David E. Kelley, a former Boston lawyer, found immense success creating courtroom dramas like "L.A. Law" and "The Practice," but by far his best work was the quirky dramedy "Ally McBeal."

David E. Kelley, a former Boston lawyer, found immense success creating courtroom dramas like "L.A. Law" and "The Practice," but by far his best work was the quirky dramedy "Ally McBeal."

"McBeal" wasn't groundbreaking, but it had an original tone and a quirky sense of humor. Kelley's new series, "Harry's Law," tries to duplicate that design but fails miserably, resulting in a ridiculously poor take on criminal law.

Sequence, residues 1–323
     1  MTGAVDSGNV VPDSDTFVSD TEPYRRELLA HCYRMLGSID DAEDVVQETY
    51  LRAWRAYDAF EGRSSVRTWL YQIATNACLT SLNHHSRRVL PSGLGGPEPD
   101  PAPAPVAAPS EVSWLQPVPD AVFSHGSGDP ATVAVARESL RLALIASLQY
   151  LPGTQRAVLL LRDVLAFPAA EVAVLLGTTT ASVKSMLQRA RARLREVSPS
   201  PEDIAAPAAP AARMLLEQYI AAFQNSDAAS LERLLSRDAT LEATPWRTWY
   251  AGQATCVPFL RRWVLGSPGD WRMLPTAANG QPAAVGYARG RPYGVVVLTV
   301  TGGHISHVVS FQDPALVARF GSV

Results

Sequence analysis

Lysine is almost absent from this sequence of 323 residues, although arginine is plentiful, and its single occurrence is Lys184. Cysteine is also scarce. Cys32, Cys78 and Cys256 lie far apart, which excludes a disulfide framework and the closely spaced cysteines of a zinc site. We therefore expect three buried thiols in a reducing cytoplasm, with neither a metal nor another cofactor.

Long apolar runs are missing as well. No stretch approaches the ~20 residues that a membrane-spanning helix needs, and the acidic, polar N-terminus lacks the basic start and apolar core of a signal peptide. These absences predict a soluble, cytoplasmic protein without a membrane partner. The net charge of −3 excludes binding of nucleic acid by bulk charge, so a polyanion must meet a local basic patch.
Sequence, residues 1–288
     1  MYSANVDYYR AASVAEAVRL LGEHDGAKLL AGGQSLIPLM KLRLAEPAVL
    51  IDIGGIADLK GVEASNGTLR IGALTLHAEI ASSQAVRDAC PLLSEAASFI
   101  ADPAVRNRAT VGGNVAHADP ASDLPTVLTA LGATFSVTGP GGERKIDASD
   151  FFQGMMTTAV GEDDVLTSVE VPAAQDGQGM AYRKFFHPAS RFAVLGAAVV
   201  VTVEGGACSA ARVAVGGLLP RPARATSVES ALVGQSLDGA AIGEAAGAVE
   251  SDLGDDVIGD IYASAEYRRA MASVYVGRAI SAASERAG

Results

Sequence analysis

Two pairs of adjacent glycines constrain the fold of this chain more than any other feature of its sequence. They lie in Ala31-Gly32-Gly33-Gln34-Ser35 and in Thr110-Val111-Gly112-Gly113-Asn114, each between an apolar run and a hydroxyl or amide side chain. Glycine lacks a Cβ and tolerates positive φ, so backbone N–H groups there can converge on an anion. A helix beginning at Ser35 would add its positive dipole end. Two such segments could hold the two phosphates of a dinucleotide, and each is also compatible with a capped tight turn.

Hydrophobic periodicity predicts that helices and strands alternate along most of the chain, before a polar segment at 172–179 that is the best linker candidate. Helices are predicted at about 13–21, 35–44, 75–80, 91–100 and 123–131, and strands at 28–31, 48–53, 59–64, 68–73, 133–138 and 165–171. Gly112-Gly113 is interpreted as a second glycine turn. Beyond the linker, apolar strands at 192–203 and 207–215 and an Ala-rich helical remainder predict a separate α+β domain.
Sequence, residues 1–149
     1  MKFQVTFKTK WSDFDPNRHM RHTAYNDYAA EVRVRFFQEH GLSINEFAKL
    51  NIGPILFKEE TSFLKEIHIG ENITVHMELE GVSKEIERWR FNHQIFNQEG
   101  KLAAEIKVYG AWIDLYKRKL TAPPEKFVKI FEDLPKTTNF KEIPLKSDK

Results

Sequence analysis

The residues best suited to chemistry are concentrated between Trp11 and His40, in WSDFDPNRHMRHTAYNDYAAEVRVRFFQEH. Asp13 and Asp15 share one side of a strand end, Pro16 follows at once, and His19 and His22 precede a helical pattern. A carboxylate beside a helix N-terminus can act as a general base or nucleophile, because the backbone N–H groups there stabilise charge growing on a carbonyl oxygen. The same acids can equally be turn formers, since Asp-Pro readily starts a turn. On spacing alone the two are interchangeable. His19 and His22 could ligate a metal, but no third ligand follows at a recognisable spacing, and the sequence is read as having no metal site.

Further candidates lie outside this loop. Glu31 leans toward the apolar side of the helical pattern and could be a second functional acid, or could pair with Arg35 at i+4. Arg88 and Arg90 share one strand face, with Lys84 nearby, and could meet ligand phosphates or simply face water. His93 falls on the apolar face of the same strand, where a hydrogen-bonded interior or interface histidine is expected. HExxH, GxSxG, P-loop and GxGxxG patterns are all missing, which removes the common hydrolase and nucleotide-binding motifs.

When Harry (Kathy Bates) is fired from her prominent job as a patent lawyer, she decides to try criminal defense after a ludicrous series of events brings her a partner and first client.

She opens up shop in a former shoe store - where her assistant (Brittany Snow) sells the leftover merchandise - in a bad Cincinnati neighborhood.

The premise is trite, and the courtroom scenes are filled with political grandstanding that's not only irrelevant and unrealistic but worthy of contempt (of court).